UPDATE: 2021 open enrollment for the Affordable Care Act plans runs from November 1, 2020 to December 15, 2020. You can enroll at healthcare.gov. Some states have their own open enrollment periods and websites for signing up. Check to see if your state does. We also have more information about how to get insurance and learn what kinds of plans to watch out for.
We’ve told you some reasons why the Affordable Care Act (ACA for short, a.k.a. Obamacare) is awesome for people who have insurance—but what about people who don’t? Things are looking rosier for them, too. If you haven’t been able to get health insurance because of the cost, here are three things we think you should know.
1. Insurance may be more affordable than you think.
The Health Insurance Marketplace (a.k.a. exchanges) is designed to make health insurance more affordable for more people. It allows you to fill out one application to see all the health insurance plans being offered in your area. That means you can compare and contrast plans to find one that best meets your needs. (Comparison shopping FTW!) And there’s more.
Subsidies: Many people will qualify for tax-credit subsidies to make the plans they find in the Marketplace more affordable. Anyone earning up to 400% of the federal poverty line ($46,000 for an individual or $94,000 for a family of four) will qualify for subsidies, though the less you earn (or the more dependents you have), the bigger the discount. Only folks who aren’t eligible for coverage through their employer, Medicaid, or Medicare will qualify for subsidies. Starting October 1, 2013, you’ll be able to see whether you qualify by visiting the Marketplace directly, but in the meantime you can get an estimate using the Kaiser Family Foundation’s handy “subsidy calculator.”
Medicaid expansion: About half of the states are taking advantage of the provision of the ACA that allows them to expand Medicaid to cover more people who weren’t eligible before—specifically it will cover anyone making up to 133% of the federal poverty level (a little over $15,000 for an individual). The Marketplace will allow you to find out whether you qualify depending on the current lay of the land in your state. Even if your state isn’t expanding Medicaid overall, 31 states have expanded Medicaid eligibility just for birth control coverage, so you could still qualify for that.
Catastrophic plans: Anyone under 30 years old will be able to buy a catastrophic plan through the Marketplace. It’s mostly what it sounds like—coverage kicks in if you have a health catastrophe, only after you’ve paid a deductible of a few thousand dollars. The upside is that monthly premiums are lower, so this could be a good option for folks who are young and healthy and just want worst-case-scenario coverage.
Plus, these plans will have a big bonus thanks to the ACA’s emphasis on prevention: Preventive care (including birth control!) will be covered just the way it is in other types of plans. That means if you buy a plan with a high deductible, your plan will cover birth control and other preventive services without requiring you to meet your deductible or pay out-of-pocket.
2. You can get the ball rolling today.
You can sign up for a Marketplace account now so you’ll be ready to go on October 1, 2013, when enrollment opens. You can also sign up for alerts about your state to stay informed as the enrollment period approaches.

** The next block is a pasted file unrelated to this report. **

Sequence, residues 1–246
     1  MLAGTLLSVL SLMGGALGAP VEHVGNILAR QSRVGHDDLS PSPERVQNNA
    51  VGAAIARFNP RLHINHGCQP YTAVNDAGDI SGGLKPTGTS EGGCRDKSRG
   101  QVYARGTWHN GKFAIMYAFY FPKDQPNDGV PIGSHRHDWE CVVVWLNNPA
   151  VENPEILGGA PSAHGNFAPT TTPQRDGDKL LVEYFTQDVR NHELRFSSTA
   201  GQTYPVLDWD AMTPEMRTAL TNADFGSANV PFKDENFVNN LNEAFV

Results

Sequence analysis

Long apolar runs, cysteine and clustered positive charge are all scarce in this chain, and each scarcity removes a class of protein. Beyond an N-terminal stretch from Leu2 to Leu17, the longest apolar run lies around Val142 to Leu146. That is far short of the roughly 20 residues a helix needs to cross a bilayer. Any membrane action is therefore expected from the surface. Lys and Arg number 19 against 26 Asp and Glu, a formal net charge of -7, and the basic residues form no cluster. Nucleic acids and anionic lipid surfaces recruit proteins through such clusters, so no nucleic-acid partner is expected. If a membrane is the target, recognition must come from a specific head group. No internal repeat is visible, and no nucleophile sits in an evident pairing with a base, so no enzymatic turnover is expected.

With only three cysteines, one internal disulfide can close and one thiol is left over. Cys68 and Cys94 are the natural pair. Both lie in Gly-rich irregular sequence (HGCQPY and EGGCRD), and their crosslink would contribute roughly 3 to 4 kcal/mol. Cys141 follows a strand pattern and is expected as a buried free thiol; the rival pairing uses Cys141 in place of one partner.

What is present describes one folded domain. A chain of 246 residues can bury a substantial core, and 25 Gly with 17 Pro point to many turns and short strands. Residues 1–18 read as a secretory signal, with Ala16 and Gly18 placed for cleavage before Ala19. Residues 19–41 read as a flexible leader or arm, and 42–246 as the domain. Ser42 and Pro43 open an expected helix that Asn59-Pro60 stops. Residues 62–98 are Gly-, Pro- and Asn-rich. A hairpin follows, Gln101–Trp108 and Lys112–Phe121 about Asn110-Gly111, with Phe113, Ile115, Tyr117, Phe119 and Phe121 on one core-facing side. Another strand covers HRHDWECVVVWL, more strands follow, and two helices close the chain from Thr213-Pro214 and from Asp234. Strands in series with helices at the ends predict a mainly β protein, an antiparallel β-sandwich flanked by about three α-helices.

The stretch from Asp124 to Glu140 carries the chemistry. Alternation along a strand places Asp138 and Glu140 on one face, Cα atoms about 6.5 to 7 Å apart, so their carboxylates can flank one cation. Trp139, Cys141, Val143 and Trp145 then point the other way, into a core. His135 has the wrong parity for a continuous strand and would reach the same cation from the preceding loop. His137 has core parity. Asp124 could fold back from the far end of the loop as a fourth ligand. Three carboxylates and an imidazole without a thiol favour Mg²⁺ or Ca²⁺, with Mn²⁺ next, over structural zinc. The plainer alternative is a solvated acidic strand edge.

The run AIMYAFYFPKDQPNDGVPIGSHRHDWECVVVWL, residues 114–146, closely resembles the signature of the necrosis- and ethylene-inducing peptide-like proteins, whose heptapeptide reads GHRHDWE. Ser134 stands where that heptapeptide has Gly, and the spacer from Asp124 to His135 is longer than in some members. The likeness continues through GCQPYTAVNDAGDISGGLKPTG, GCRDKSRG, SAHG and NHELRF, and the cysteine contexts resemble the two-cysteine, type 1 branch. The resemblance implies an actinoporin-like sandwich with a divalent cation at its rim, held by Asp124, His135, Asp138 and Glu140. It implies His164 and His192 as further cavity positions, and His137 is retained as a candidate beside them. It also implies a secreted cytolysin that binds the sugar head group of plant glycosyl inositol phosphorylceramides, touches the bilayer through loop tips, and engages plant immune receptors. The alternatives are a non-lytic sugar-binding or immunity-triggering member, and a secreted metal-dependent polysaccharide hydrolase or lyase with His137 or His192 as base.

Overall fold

If you’re planning to buy insurance through the Marketplace, now would also be a good time to look at this handy checklist of everything you’ll need in order to apply and make sure you’re ready with all the items on the list. The enrollment period lasts from October 1, 2013, until March 31, 2014, and plans purchased through the Marketplace may provide coverage as soon as January 1, 2014.
3. You don’t have to go it alone.
The Health Insurance Marketplace itself provides loads of useful information to help you through the process of getting health insurance. They offer a 24/7 hotline at 1-800-318-2596 (TTY: 1-855-889-4325) and a live chat option on their website, also staffed 24/7. All of their resources are also available in Spanish and they offer some resources (including their free hotline) in other languages as well.
The U.S. Department of Health and Human Services (HHS) has awarded grants to organizations to help people navigate the new Marketplace. You can also go to your local public library to get information about how to buy insurance through the Marketplace.
National groups like Enroll America and the Young Invincibles are great sources of information as well. Even pharmacy chains like Walgreens and CVS are doing their part to make sure their customers know about the opportunity to get insured through the Marketplace.
What’s this about a penalty if I don’t sign up?
There is a penalty for folks who choose not to get insurance, unless they can show that they can’t afford coverage. According to healthcare.gov, the fee in 2014 is 1% of your yearly income or $95 per person for the year, whichever is higher. It’ll increase every year so that by 2016, the fee will be $695 per person or 2.5% of yearly income.
The choice between paying a fee and not having coverage when you need it versus paying for health insurance that covers birth control and lots more seems pretty clear. (And if money’s an issue, birth control coverage alone may be reason enough to spring for insurance since pregnancy is expensive.) But we know making the decision to get covered is just the first step. So if you’re planning to get insured through the Marketplace, let us know how it goes! We want to hear your stories and help make the process easier if we can.